When it comes to the question of the pound joining the euro, UK Chancellor of the Exchequer Gordon B...
When it comes to the question of the pound joining the euro, UK Chancellor of the Exchequer Gordon Brown wants everybody to know he is the boss. The decision belongs to his Government and in particular, to what he calls his "Treasury". Anybody else who has an opinion should put a lid on it, in his view.
So, is he in or is he out? None of your business. Whether he and his boss, Prime Minister Tony Blair, will put the matter to the electorate in the form of a referendum will depend on Brown's five points.
These involve whether there is a sustainable convergence between the economies of Britain and the 11-nation euro zone; whether sufficient flexibility exists to cope with economic change; the effect on investment; the impact on financial services; and how membership in the euro would affect employment
Is this Labour's message to the cabinet and to the people? Until you re-elect us, we will not discuss our probable but not certain, maybe but not perhaps, likely but not if it is unpopular, intention to give up the pound and adopt the euro. But you didn't hear that from us, unless you did hear it from us, in which case we go back to our five points, which we hasten to add, are not fudgeable.
How do they get away with it?
Well, you see, Blair has a cute boyish smile, and not only does he change diapers, but he can also choke back tears with the best of them. More importantly, nothing is going excessively wrong in the UK and people are feeling well off in the financial sense.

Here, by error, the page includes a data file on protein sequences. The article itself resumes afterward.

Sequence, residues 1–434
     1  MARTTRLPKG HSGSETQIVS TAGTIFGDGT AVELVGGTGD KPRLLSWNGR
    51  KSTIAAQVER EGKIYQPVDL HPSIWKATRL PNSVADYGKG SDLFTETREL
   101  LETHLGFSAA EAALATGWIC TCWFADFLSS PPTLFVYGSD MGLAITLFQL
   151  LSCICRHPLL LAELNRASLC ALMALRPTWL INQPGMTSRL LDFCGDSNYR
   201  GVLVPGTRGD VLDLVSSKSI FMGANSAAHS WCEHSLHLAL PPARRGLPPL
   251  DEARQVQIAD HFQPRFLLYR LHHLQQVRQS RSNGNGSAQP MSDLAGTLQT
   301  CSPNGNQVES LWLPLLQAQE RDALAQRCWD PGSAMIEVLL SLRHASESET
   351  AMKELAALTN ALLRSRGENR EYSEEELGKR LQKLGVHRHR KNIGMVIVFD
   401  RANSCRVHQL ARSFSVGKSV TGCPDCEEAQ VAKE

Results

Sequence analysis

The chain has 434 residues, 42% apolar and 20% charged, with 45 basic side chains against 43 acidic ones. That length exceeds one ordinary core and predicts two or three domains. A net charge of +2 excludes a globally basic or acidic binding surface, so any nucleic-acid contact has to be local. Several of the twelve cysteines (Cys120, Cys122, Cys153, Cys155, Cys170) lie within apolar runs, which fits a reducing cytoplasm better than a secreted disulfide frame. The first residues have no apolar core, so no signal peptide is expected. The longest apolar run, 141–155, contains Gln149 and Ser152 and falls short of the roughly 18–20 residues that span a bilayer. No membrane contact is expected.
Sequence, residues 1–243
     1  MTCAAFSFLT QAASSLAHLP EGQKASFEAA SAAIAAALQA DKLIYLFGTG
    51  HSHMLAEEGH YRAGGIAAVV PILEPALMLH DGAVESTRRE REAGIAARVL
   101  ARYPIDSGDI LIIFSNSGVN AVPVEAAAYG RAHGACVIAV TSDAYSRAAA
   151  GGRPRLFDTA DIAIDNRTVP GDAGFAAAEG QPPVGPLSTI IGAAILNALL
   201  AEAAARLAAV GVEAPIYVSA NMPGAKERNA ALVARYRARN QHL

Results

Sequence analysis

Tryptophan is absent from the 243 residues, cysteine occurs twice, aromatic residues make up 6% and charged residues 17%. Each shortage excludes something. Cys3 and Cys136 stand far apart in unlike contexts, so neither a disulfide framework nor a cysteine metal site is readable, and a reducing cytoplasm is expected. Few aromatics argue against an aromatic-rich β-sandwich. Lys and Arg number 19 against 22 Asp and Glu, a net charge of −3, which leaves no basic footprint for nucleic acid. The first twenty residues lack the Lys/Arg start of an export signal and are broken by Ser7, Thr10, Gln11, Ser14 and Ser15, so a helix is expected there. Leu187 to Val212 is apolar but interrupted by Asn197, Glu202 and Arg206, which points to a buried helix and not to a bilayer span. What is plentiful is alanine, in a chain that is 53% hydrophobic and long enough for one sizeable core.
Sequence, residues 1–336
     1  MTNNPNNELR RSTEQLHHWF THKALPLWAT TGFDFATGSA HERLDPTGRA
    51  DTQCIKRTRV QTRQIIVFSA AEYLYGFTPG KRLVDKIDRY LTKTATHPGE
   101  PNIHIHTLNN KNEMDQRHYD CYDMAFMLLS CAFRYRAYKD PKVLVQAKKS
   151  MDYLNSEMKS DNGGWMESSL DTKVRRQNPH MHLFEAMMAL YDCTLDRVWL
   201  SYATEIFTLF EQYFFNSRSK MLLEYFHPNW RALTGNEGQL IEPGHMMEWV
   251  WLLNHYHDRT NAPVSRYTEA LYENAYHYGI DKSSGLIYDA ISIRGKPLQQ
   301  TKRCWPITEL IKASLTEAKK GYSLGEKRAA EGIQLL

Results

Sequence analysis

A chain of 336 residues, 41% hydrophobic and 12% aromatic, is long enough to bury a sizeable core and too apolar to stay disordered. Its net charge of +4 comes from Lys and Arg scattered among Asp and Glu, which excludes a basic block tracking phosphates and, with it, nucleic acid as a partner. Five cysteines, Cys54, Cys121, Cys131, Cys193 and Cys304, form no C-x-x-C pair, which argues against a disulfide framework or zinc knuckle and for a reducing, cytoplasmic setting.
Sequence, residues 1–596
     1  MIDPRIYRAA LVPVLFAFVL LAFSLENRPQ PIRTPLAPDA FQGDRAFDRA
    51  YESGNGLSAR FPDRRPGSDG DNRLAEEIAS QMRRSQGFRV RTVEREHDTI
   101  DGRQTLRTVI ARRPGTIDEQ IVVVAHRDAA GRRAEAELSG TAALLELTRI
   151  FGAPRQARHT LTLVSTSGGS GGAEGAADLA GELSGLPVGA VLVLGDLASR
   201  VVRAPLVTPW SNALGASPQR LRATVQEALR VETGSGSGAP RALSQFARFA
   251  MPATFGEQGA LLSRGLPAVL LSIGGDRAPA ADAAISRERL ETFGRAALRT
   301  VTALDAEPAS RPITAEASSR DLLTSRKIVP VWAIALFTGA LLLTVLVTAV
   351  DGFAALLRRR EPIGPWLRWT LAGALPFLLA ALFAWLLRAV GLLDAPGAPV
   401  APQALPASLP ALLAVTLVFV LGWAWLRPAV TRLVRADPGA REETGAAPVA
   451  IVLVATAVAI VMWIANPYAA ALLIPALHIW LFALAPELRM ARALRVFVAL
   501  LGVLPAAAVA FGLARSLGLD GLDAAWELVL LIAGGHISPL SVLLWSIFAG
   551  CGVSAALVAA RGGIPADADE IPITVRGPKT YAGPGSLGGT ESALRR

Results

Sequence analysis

Anyway, Lady Thatcher made all the hard decisions for him, the ones that concerned bringing Britain back to a market economy through aggressive privatisation. All Blair has to do is sit back and enjoy the prosperity, which is always a wonderful refuge for an incumbent.
Now back to the five points. One of them concerns the effect of the decision on the City - the financial centre of London. Interestingly enough, Bank of England Governor Eddie George recently noted that Britain's decision so far to not participate in the euro has had virtually no effect.
The City is booming as much as ever. So make that four points, not five.
Here is how I think the employment and investment points will be played. If jobs for some reason are scarce when the referendum is called, the Labour Party will say going into the euro will create jobs and investment in Britain. Otherwise, they are dead letters. So make that two points, not four.
Sufficient flexibility to cope with economic change is the real wild card. I take it to mean that Brown is worried the European Central Bank (ECB) might turn into a lemon.
The question is how the ECB will be seen as dealing with differential economic conditions through-out its realm.
If the British people see the ECB with tight money to prevent inflation in the Northern countries of Europe while Southern countries languish with unemployment, then maybe someone might begin to wonder, "you know, mate, that could happen to us too".
David DeRosa in the New York Bloomberg newsroom
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